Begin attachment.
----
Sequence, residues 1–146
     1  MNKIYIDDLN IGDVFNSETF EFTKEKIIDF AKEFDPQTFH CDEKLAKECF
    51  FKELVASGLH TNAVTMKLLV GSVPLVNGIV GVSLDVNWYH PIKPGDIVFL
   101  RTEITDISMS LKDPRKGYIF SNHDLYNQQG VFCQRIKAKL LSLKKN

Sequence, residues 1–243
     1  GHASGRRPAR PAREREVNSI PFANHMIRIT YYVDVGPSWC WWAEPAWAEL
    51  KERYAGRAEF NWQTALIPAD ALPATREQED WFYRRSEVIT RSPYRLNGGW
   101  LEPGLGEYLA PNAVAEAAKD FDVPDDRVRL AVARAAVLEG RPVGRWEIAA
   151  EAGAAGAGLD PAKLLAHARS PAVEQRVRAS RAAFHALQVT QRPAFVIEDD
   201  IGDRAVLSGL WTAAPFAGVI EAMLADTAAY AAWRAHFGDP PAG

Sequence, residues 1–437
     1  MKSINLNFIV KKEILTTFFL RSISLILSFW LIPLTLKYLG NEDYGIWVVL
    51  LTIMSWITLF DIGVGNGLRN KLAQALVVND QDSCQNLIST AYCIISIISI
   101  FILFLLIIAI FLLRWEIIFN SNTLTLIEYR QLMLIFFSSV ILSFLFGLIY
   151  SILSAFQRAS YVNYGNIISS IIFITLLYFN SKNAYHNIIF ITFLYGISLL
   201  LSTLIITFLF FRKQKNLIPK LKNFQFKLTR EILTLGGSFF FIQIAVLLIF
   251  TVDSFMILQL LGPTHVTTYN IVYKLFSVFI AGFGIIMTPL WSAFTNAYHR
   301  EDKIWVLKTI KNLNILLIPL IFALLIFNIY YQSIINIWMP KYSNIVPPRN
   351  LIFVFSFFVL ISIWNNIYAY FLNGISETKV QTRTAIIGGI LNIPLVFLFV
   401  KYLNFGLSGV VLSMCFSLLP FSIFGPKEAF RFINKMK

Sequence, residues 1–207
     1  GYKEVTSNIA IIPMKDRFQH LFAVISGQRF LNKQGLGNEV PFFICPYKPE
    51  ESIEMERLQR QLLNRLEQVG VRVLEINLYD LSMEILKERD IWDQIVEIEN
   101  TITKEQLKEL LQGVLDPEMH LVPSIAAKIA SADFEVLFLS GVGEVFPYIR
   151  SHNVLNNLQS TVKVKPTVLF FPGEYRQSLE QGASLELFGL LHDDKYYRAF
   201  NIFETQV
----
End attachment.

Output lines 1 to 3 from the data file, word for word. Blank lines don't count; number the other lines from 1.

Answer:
Sequence, residues 1–146
     1  MNKIYIDDLN IGDVFNSETF EFTKEKIIDF AKEFDPQTFH CDEKLAKECF
    51  FKELVASGLH TNAVTMKLLV GSVPLVNGIV GVSLDVNWYH PIKPGDIVFL